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The Objectification of Women in the Sri Lankan Press

Woman at Bus Stop – Anuradhapura – Sri Lanka. Image from Flickr by Adam Jones. CC BY 2.0

This post by Deepanjalie Abeywardana originally appeared on Groundviews, an award-winning citizen journalism website in Sri Lanka. An edited version is published below as part of a content-sharing agreement with Global Voices.

Sri Lanka’s media continues to deviate from established standards of ethical journalism. This includes graphic pictures, misleading photos and commentary of events, racial labels used selectively against ethnic groups, factual errors and the denial of “right of response” in reporting. Accordingly, the representation of women in Sri Lankan media over the years has breached many ethical standards, resulting in the reinforcement of negative stereotypes. This stereotyping can directly influence how women are perceived in society.

In this context, this article offers observations on the portrayal of women in the Sinhala language print media, based on data from Ethics Eye — a Facebook-based platform that monitors and flags violations of media ethics in seven Sinhala newspapers — the Dinamina, the Divaina, the Lankadeepa, the Mawbima, Sunday Divaina, Sunday Lankadeepa and the Sunday Mawbima.

The sexual objectification of women

Some mainstream Sinhala newspapers in Sri Lanka violate this ethical guideline by portraying women as sex objects. Women are frequently objectified in the press with the use of sexist references and pictures. These references are often ones that expose semi-nudity, which is irrelevant to the context of the article. For example, one Sinhala newspaper referred to a woman as “baduwa” (object) in one of their columns, insinuating that women are sex objects. The same newspaper identified all actresses in Sri Lanka as engaging in “the oldest profession in the world”, depicting them all as sex workers.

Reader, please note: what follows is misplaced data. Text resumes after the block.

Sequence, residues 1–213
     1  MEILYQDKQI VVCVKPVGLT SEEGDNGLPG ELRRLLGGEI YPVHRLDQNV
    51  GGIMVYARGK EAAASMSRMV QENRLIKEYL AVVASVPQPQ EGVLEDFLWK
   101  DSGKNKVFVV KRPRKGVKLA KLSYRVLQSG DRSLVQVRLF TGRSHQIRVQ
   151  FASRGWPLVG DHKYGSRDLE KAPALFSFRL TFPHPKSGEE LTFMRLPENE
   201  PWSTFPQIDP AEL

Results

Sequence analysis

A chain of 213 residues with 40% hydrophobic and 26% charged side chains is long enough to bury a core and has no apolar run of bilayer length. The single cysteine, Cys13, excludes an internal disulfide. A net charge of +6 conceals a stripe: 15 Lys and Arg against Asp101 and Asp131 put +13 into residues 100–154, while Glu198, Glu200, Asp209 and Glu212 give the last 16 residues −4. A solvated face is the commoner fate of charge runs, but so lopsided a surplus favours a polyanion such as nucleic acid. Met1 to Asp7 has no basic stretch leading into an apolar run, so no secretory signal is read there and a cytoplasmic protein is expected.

Further, a series of articles published in one of the mainstream Sinhala newspapers carried images of foreign women in bikinis, which were irrelevant to the story they were reporting. The series did not carry a disclaimer to indicate that the photographs — taken with long-lens cameras — were taken without consent. As stated in the Code of Professional Practice published by the Editor’s Guild of Sri Lanka, the use of long-lens or other cameras to photograph people without consent, on private or public property where there is a reasonable expectation of privacy, is unacceptable — unless in the public interest.

Via Ethics Eye

At the same time, the same newspaper that referred to all actresses as sex workers also upheld women as the “guardians of cultural and moral values” in another article. This comment was in criticism of the gazette notification issued by the Ministry of Education, banning the imposition of dress codes for women entering public and private schools.

Reductionist terms such as “beautiful” are used in the press, especially when referring to rape victims and survivors. The physical appearance of female victims and survivors of rape, accidents or other incidents is referred to in many articles in the Sinhala press. The reporting of unconnected, unnecessary details (such as physical appearance), when they are not directly related to the story, is a common occurrence in Sinhala newspapers. For example, when two female students died as a result of a train accident in Dehiwela last year, six out of seven Sinhala newspapers referred to their physical appearance when reporting the incident.